Saturday 4 May 2019

Melissa De Silva talks to Elaine Chiew about 'others', discovering her ancestry in Malacca, and making pineapple tarts.

Melissa De Silva at her writing residency at Hikayat, Penang's Georgetown, May 2019. Photo courtesy of William Tham.


Melissa De Silva grew up in her grandmother's flat in Toa Payoh, which is why she thought the dragon playground in front of her grandmother's block was her exclusive playground. Besides her award-winning debut book, 'Others' is Not a Race, Melissa's fiction has been published in Best New Singaporean Short Stories Vol. 3, Wilderness Literary Review, Singapore Quarterly Literary Review and LONTAR: The Journal of Southeast Asian Speculative Fiction. She has worked as a magazine journalist and a book editor. She is currently Singapore’s Education Ambassador for American nonprofit Write the World ( Melissa leads a wide variety of workshops on writing memoirs, writing for healing and catharsis, childhood and family memories, food and travel writing, cultural identity and women's identity and empowerment. 

EC: Welcome to AsianBooksBlog, Melissa. Fantastic to have you with us to discuss your trenchant book which won the Singapore Literature Prize 2018, ‘Others’ Is Not A Race (Math Paper Press, 2017).

First, let’s start with your background. What led you to writing, and specifically, to the writing of this book?
MDS:  I started writing for practical reasons, for work, and had a career as a magazine journalist for a good number of years. Nothing prompted me to write ‘creatively’ until my grandmother, Patsy Pinto (who is depicted in the first story of the collection, ‘The Gift’), passed away. It was only with her passing that I realized, much too late, that so much of the Eurasian culture and language I’d never bothered to learn about had gone with her. And so began my personal journey of trying to reclaim some of my own culture, and understand more about my community’s food, livelihood and linguistic traditions and also the places and spaces of my family’s past in Singapore. I travelled to Malacca to document my father’s cousin engaging in the traditional work of the Portuguese-Eurasians there, fishing. I tried cooking some popular Eurasian dishes which I hadn’t eaten in many years. I began learning my mother tongue, the 500-year-old creole language of Portuguese and Malay, which originated in Malacca. Having done those things (and I am still on this cultural reclamation journey), I feel much more of a sense of my own Eurasianness. One of the marvellous unexpected effects of the book is that a number of readers have told me it has inspired them to learn more about their own cultures and to revive their own traditions and languages.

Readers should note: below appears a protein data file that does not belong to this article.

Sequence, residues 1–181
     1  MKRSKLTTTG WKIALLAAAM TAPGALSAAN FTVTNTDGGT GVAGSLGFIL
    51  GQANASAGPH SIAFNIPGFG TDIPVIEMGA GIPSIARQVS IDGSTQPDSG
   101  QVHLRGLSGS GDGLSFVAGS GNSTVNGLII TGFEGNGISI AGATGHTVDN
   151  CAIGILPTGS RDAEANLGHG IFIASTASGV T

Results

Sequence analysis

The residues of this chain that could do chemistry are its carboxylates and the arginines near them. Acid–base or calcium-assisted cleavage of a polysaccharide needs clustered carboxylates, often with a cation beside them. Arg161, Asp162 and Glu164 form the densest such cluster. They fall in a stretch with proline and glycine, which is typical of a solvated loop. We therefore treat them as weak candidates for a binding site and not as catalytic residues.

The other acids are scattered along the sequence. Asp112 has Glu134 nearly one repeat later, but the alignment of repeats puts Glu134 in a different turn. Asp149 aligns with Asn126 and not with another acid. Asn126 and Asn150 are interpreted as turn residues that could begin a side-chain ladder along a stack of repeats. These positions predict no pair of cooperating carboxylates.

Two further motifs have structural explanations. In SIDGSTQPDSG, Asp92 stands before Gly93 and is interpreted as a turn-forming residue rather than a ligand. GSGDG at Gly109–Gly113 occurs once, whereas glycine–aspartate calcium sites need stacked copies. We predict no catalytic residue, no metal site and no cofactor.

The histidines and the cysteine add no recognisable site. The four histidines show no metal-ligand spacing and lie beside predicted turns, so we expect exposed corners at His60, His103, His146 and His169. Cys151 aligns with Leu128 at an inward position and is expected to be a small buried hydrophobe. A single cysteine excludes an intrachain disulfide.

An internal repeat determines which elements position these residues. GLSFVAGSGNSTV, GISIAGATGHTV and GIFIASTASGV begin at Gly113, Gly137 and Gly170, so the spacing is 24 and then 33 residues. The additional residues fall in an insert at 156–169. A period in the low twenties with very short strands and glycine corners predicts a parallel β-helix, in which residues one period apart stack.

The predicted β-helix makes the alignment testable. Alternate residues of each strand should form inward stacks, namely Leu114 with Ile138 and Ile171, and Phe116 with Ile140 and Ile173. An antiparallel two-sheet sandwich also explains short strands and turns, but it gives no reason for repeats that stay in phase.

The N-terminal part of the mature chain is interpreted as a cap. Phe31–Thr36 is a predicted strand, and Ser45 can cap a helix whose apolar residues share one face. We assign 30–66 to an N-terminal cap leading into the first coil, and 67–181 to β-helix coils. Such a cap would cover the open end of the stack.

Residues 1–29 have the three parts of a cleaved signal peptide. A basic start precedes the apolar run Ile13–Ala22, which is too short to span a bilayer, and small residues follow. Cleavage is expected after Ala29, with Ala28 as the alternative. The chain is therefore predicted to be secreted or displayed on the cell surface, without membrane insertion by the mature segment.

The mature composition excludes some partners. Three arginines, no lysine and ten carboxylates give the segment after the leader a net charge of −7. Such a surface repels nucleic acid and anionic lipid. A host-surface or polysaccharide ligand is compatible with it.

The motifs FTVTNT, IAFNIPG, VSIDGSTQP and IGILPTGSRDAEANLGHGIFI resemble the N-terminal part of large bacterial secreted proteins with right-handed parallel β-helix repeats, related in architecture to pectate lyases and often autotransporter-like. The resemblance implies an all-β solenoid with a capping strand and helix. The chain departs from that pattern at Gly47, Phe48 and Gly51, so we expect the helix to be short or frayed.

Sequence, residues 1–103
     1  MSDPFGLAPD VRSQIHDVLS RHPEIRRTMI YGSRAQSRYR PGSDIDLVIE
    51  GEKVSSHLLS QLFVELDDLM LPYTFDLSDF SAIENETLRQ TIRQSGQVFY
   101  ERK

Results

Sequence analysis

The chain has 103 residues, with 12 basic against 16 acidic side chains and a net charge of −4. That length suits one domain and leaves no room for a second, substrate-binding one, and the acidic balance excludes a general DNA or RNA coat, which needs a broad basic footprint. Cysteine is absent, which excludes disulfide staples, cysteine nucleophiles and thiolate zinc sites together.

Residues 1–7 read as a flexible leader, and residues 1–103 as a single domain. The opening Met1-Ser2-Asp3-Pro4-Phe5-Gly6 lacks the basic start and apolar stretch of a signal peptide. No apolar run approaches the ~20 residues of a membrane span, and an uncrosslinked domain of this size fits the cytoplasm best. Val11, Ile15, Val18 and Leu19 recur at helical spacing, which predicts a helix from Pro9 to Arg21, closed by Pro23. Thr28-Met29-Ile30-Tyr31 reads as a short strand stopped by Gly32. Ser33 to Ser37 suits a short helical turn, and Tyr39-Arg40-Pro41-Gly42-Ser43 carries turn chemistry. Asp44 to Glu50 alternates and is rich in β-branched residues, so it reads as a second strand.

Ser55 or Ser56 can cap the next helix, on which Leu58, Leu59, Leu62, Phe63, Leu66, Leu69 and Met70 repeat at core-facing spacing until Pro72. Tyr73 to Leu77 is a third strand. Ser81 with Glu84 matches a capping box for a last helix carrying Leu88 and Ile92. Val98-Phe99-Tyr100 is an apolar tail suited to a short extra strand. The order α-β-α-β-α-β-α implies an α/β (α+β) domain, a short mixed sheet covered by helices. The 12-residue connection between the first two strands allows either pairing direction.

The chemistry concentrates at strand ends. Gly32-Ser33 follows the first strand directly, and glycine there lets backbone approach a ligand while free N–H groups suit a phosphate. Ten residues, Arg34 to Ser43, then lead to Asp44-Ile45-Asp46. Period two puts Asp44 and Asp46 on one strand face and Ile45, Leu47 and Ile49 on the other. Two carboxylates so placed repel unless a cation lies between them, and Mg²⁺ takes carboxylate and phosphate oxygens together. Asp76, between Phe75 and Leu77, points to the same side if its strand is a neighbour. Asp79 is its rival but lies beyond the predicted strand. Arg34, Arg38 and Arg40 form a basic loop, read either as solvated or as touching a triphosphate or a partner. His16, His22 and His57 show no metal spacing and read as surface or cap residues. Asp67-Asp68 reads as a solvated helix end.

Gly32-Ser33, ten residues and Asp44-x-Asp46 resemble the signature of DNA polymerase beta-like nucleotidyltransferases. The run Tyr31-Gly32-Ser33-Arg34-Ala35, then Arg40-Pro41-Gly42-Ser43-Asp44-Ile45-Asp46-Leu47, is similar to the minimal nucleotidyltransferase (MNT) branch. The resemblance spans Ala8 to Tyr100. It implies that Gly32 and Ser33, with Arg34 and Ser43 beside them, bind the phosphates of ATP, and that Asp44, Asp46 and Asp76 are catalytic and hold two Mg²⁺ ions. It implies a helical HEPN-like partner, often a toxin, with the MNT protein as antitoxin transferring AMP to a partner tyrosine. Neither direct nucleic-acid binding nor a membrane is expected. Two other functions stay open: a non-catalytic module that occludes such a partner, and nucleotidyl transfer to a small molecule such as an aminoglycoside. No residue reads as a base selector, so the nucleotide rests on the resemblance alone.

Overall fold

EC: For our non-Singaporean readers, perhaps you could provide a sense of what the categories ‘others’ or ‘CMIO’ encompass for government purposes. What was the process that led to your decision to make it (a) the title of your book and (b) the focus of one of your essays in the collection, “Letter to Anonymous Policy Maker (‘Others’ Is Not A Race)”, which confronts this issue directly?

MDS: ‘CMIO’ is an acronym for Chinese, Malay, Indian and Others. This is the official racial categorisation in Singapore. ‘Letter to Anonymous Policy Maker (RE: ‘Others’ is Not a Race) articulates my feelings about Eurasians, who are equally citizens of Singapore, being classified under the ‘Others’ category. I find this demeaning. It also curtails our visibility to the rest of Singapore’s population and contributes to a lack of awareness of what Eurasians are and the fact that we are Singaporean. 

I felt it was natural that the title of the book derived from this, because the collection is about Eurasian culture and history as a community in Singapore and I hope illustrates to any reader that we are a distinct people with our own heritage, cuisine, language and traditions. It’s a simple fact, that ‘Others’ is not a race, and we Eurasian Singaporeans deserve more than being put in a box with that label.